Tilak belonged to an impoverished Brahman sect which, with the fall of the Peshwa dynasty, had lost its feudal landlord privileges. Tilak, who graduated from Deccan College, Pune in 1877, was among one of the first generation of Indians to receive a college education. Tilak believed that, religion and practical life are not different. According to him, to take to Sanyasa (renunciation) is not to abandon life. His dedication to humanity was a fundamental element in the Indian Nationalist movement. After graduating, Tilak taught mathematics in a private school in Pune. Later due to some philosophical disparity with the colleagues in the New School, he decided to leave the job.
In that time frame he became a journalist. He was a tough critic of the Western education system, and felt that it demeaned the Indian students and insulted India's heritage. He organised the Deccan Education Society with a few of his college friends, including Mahadev Ballal Namjoshi, Gopal Ganesh Agarkar, and Vishnu Krishna Chiplunkar whose goal was to progress the quality of education for India's youth. Tilak also co-founded two newspapers, the Kesari and the Maratha. The Deccan Education Society was set up to generate a new system that taught young Indians nationalist ideas through a stress on Indian culture. Tilak started a mass movement towards independence that was disguised by an emphasis on a religious and cultural restoration. He taught Mathematics at Fergusson College.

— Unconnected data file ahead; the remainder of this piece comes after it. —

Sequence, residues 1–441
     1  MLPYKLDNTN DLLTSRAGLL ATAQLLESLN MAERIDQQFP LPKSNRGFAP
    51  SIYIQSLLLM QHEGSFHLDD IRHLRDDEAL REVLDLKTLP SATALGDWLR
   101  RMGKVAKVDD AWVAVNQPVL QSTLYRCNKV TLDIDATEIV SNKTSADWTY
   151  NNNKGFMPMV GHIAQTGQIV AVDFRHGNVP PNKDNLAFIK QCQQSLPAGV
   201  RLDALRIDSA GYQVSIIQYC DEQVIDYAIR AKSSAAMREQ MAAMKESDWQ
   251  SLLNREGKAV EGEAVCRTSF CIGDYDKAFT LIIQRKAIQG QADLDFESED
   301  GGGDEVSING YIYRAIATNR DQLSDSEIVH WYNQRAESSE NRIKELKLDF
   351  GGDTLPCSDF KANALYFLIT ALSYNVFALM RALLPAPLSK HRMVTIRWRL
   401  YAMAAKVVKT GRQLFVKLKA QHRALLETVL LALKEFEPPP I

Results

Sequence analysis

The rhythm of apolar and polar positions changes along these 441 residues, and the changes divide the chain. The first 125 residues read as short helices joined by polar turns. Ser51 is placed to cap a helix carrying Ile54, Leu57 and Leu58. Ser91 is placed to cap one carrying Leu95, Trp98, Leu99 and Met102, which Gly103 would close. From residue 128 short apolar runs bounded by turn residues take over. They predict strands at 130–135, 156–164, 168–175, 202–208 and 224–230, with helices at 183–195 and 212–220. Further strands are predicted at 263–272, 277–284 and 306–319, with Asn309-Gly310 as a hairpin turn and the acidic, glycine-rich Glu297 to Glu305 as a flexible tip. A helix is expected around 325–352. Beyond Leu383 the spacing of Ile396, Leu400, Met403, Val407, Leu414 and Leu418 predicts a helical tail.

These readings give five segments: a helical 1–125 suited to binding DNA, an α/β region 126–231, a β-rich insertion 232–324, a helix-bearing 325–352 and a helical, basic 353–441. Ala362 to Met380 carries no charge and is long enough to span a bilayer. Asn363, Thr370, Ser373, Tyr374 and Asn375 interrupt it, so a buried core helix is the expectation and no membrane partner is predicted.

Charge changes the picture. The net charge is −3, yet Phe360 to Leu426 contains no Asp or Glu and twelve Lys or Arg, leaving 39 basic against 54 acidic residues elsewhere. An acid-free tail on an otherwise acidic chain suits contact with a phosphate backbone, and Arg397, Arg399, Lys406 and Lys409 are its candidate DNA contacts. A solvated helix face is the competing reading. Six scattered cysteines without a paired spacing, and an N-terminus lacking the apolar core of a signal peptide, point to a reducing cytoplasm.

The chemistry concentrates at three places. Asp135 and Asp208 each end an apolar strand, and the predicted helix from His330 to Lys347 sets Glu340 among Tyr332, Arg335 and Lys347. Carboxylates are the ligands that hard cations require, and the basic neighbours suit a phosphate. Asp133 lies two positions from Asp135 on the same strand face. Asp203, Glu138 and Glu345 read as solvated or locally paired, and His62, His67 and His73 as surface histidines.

Bal Gangadhar Tilak joined the Indian National Congress in 1890 thus embarking on a full time political career.